7 things an RDA volunteer feels every session

Photo credit: Siobhan Dennis


We've finished our first month of the new decade. Perhaps it was the first month of your umpteenth year of RDA, perhaps it was your opportunity to start out on your volunteering journey; if the latter, I've got a few reasons why that was (is) a great decision. Either way, you will probably be aware of the rush of emotions you feel over the course of an RDA session: happy, hesitant, thrilled, thoughtful. I think we all feel these seven things in every riding lesson we assist. Do you recognise them all?

1. Uplifted

Maybe somebody needs to trademark the RDA Buzz: felt before, during, and after sessions. One of the volunteers at my group penned a poem for us when we were running a Volunteers' Week feature on the Instagram page, which I'll add below.

Poem by volunteer Natalie Ilsley

The first line leaves me with a real impression of how much volunteers look forward to their time with their RDA group. I often hear it described as the "highlight of my week", or see a huge smile when somebody greets the horses or riders. Done right, RDA is uplifting for everyone. 

2. Conscious

Mounting and dismounting are like an aeroplane at take off and landing: the riskiest and most vulnerable parts of an RDA session. For many riders, vulnerability is particularly evident: we might be used to seeing them moving independently on horseback like they were born in the saddle, but watching how they move to and from the horse can give a telling insight into how much that freedom and therapy is needed. Is there an RDA centre in the country that doesn't have the poem "I Saw a Child" printed out somewhere? For volunteers, especially those with limited experience of working with disabled riders, this insight can be quite sobering. I think it's important for us to stay conscious of the nature of our participants' disabilities: it means we are unlikely to miss the gravity of their achievements, and to stay alert in keeping a session as safe and accessible as possible.

3. Apprehensive

The coach wants me to step away from the horse. Is she sure? Can they do it alone? RDA volunteers are by nature very helpful people, so it makes sense that one of the hardest challenges we face as volunteers is learning, when the time comes, to help less. We are fast to develop a keen sense of responsibility towards the week's horse and rider combination: stepping away feels somehow disloyal. Ponies, of course, are experts at latching onto a pedestrian within touching distance, lead rein or no, and following them around like an absent-minded labrador. Sometimes we have to take that extra step into the middle to encourage our riders to earn their "rider" title, and their mounts to engage a little bit more of their brain. They can't do it with you, but they can't do it without you.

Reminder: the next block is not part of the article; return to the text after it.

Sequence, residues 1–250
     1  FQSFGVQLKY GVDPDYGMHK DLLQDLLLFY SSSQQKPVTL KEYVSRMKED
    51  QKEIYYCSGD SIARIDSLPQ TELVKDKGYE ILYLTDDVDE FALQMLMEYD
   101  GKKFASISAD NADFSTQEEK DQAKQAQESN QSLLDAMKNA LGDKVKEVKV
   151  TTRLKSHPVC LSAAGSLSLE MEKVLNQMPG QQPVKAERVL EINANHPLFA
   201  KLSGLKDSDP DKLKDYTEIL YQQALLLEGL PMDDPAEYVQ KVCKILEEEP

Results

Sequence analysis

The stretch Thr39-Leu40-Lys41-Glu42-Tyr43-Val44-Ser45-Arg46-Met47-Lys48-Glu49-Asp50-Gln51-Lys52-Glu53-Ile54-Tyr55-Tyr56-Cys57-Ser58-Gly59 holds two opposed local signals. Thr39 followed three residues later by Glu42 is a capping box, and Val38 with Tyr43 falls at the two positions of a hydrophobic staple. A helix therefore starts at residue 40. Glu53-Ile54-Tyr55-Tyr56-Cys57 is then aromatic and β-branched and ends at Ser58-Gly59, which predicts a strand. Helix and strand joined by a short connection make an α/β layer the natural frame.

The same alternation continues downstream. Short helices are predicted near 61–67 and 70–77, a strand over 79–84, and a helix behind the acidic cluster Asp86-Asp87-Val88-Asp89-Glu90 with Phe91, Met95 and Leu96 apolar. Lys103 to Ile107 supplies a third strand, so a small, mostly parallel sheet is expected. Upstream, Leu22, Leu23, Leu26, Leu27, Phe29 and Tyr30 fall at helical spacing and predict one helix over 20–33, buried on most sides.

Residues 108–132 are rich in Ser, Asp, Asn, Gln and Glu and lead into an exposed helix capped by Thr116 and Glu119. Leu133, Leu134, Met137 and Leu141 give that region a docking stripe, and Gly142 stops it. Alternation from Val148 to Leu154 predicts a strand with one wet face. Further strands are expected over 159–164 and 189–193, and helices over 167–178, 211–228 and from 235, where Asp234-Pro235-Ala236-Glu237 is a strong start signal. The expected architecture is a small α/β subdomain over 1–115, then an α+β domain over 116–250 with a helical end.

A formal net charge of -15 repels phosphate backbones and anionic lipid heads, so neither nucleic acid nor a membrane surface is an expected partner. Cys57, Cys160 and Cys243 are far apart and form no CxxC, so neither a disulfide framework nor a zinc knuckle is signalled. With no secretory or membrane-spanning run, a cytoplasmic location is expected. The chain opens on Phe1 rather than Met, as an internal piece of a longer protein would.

Look, no leaders! (Not pictured: proud volunteers encouraging these two young riders from the sidelines)

4. Competitive

Who knew that something as innocuous as grandmother's footsteps or collecting toys in a bucket could matter so much? In the bubble of an RDA session, it's heartening (and amusing) to see how much volunteers commit to the activities on offer. It's fun(ny), but I think it also really contributes to our riders' sense of belonging and achievement to know that their helper wants to help them succeed. (This post describes why and how these emotions are important for building trust.) When I'm not coaching, I am completely guilty of overcommitting to any game with a slight competitive edge (safely, I might add!). I can point to at least a couple of riders who have learnt the word "tactical" from me in the context of a gymkhana game...

5. Breathless

Wow, we've been trotting for a long time... Just think of those steps! The tack room biscuits you can demolish later! The mirth of the rider you're helping as you wheeze around your second lap of the arena! (Maybe mine just have evil senses of humour...)

6. Proud

There are tens, if not hundreds, of achievements made in every single RDA session. One of the best things about volunteering in these sessions is the fact that you get to take an active role in making those achievements happen: if you're helping a rider, their goals become your goals too. You bet you're going to feel proud when those goals are achieved. A new volunteer the other week was watching one of my riders, Lily, trotting off the lead rein. This is still a very new skill, achieved only a few weeks ago (you can read about it at the end of this post), and my new recruit was very vocal about how impressed she was by it. Although she is the kind of rider who takes a bit of time to get to know new people, Lily was so buoyed up by the pride of a near-stranger, and I could see her remembering how proud of herself she deserved to be too. There's nothing to say that a volunteer can't or won't feel proud of themselves during a session too, whether it's because they had a starring role in assisting a rider with an achievement, or for an accomplishment of their own. You might have made a huge leap in progress in the way you are able to communicate with participants, handled a new horse well, or helped to assist a new fellow volunteer. I think it's good for all of us to feel proud of each other and of ourselves.

7. Fulfilled

Finally, the quiet, satisfying sense of having done something good, and of having made someone else's day a little bit brighter or more exciting. I always find I feel this, even after a rough day (we all have them from time to time). When you give your time to help with an RDA session, you are contributing to others' well-being alongside your own, making a difference, and being a positive, supportive force to those who often find themselves badly accommodated by the world they live in. If that isn't fulfilling, I don't know what is.




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